Chapter 13 and Keeping Your Home

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Can I Keep My Home and File Chapter 13

When your debts become overwhelming, filing Chapter 13 bankruptcy can be a great way to relieve some of that debt burden and develop a plan to repay what you can afford over time. However, many people avoid filing bankruptcy because they are worried about losing their property, most importantly their home. When you file Chapter 13 bankruptcy, the court confirms a plan for you to use your disposable income to pay back some or all of the debts you owe over a period of three to five years, which can give you time to cure your mortgage default and protect your home from foreclosure. If you are considering filing Chapter 13 bankruptcy, you are probably wondering whether you would be able to do so and keep your home. At Wright Law Offices, we specialize in consumer and business bankruptcy, and we can help you determine whether you can file Chapter 13 bankruptcy so you can reorganize your finances and repay your debts, while keeping your home.

How Does Chapter 13 Bankruptcy Work?

Chapter 13 bankruptcy gets its name from the chapter it falls under in the U.S. Bankruptcy Code, the code of laws that governs all bankruptcy proceedings in the United States. Also known as a wage earner’s plan, Chapter 13 bankruptcy is one way for debtors with regular income to repay as much of their debt as they can afford under a court-approved repayment plan, rather than struggling to keep up with minimum monthly payments to individual creditors. Unlike Chapter 7 bankruptcy, in which a debtor’s assets are liquidated and the proceeds are used to repay creditors, Chapter 13 allows debtors to reorganize their finances and pay back their debts, usually within three to five years.

The Automatic Stay and Foreclosure Proceedings

Just like any bankruptcy case, you are protected by the automatic stay when you file Chapter 13 bankruptcy, which means your creditors are prohibited from taking actions against you or your property to collect the debts you owe. This includes mortgage lenders. For debtors facing foreclosure, the automatic stay can put a stop to the foreclosure process and give the debtor time to save their home. Under a Chapter 13 repayment plan, debtors who want to keep their home have an opportunity to remedy their mortgage default and catch up on missed payments once the automatic stay is in place.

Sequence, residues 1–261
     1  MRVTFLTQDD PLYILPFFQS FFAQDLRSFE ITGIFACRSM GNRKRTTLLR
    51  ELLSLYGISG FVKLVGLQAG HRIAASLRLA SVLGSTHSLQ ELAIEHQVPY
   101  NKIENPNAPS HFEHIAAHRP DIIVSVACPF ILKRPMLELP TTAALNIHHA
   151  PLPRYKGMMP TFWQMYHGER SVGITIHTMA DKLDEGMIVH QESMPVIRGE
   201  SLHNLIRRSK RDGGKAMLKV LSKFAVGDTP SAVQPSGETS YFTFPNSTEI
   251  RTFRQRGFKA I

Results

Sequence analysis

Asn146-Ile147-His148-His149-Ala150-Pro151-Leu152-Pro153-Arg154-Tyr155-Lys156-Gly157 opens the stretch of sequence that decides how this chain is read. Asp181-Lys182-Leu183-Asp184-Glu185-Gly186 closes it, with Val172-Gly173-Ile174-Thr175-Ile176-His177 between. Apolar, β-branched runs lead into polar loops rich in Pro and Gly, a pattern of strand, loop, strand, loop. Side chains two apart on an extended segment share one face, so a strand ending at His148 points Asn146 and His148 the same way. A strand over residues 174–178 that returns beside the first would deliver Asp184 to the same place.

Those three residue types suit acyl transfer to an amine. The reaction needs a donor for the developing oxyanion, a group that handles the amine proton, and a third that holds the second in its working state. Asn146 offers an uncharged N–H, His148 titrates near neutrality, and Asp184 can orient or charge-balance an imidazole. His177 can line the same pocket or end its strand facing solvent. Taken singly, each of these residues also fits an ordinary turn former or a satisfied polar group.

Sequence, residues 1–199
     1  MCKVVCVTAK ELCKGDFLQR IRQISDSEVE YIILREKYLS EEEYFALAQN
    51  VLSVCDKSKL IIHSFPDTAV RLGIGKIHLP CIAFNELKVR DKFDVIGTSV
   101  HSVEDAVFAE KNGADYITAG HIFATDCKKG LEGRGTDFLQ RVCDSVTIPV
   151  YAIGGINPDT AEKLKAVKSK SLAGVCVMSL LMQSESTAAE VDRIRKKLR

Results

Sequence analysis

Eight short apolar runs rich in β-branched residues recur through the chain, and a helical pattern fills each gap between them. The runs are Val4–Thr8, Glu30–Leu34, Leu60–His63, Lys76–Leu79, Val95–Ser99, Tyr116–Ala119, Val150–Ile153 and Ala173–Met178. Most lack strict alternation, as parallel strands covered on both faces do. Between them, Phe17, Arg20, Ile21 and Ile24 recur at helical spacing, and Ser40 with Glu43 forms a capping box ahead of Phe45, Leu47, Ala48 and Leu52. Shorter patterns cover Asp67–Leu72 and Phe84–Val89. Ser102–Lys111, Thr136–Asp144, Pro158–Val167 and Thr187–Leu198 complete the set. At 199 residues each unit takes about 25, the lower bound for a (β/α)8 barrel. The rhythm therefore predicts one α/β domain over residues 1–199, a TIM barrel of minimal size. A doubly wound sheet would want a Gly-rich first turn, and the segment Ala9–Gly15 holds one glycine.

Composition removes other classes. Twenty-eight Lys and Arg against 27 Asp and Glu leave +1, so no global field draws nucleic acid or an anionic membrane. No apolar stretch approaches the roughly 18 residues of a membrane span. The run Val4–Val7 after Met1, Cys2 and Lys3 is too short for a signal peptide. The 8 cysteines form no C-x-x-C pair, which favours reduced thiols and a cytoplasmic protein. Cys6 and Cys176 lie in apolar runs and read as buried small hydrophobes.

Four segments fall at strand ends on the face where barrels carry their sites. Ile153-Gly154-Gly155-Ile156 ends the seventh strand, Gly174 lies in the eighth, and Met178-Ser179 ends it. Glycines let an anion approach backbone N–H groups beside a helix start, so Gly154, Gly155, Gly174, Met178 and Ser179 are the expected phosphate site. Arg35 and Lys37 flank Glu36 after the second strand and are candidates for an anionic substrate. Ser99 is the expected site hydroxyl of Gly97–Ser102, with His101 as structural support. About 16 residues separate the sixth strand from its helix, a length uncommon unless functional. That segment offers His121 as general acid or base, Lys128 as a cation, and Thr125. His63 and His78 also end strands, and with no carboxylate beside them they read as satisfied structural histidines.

Catching Up on Missed Mortgage Payments

Chapter 13 bankruptcy is one of the two most common types of bankruptcy filed by individuals and families in the U.S., alongside Chapter 7 bankruptcy. Chapter 13 bankruptcy may be the right move for debtors who don’t qualify for Chapter 7 bankruptcy and have assets they want to protect, such as a home or vehicle. Rather than selling the debtor’s property to pay back creditors, the trustee in a Chapter 13 bankruptcy case will collect regular monthly payments from the debtor and use the payments to pay creditors over time, usually at an amount that is less than what is owed. When it comes to missed mortgage payments, however, these debts must be paid in full if you want to keep the property.

Creating a Chapter 13 Repayment Plan

Your Chapter 13 bankruptcy cannot proceed until the bankruptcy court confirms your repayment plan, which will only happen if the judge determines that you are capable of making the payments under the plan you have submitted. During the life of your repayment plan, you will make regular monthly payments to a bankruptcy trustee, who is responsible for distributing the payments to your creditors. If you have defaulted on your mortgage loan and the court approves a Chapter 13 repayment plan lasting five years, you will have five years to catch up on missed mortgage payments while also making regular monthly payments to your mortgage lender. Once you have completed the Chapter 13 repayment plan and cured your mortgage arrears, you will no longer be in default on your mortgage loan, and you can keep your home.

For debtors with regular income, Chapter 13 bankruptcy can be an affordable way to take care of overwhelming debts over time while protecting valuable assets, such as a family home. However, there are strict requirements debtors must meet in order to qualify for Chapter 13 bankruptcy, which is one of the reasons we recommend hiring an attorney. If you have received a foreclosure notice from the bank, you may still be able to save your home by filing a Chapter 13 bankruptcy, so long as you can create an acceptable repayment plan and keep up with payments under the plan. Our Chapter 13 bankruptcy attorneys at Wright Law Offices have a clear understanding of the Chapter 13 bankruptcy process and know how best to proceed when a debtor’s home and other valuable property is on the line. When you hire our firm, our attorneys will put their legal expertise to work for you in your Chapter 13 bankruptcy case.

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